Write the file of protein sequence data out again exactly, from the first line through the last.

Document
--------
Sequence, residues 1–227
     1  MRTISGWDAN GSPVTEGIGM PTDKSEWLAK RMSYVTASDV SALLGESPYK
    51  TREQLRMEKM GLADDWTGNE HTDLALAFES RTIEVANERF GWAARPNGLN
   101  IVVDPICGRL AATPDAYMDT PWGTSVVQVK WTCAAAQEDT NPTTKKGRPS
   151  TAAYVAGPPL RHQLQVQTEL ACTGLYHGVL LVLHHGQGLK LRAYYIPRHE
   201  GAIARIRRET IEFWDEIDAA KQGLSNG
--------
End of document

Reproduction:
Sequence, residues 1–227
     1  MRTISGWDAN GSPVTEGIGM PTDKSEWLAK RMSYVTASDV SALLGESPYK
    51  TREQLRMEKM GLADDWTGNE HTDLALAFES RTIEVANERF GWAARPNGLN
   101  IVVDPICGRL AATPDAYMDT PWGTSVVQVK WTCAAAQEDT NPTTKKGRPS
   151  TAAYVAGPPL RHQLQVQTEL ACTGLYHGVL LVLHHGQGLK LRAYYIPRHE
   201  GAIARIRRET IEFWDEIDAA KQGLSNG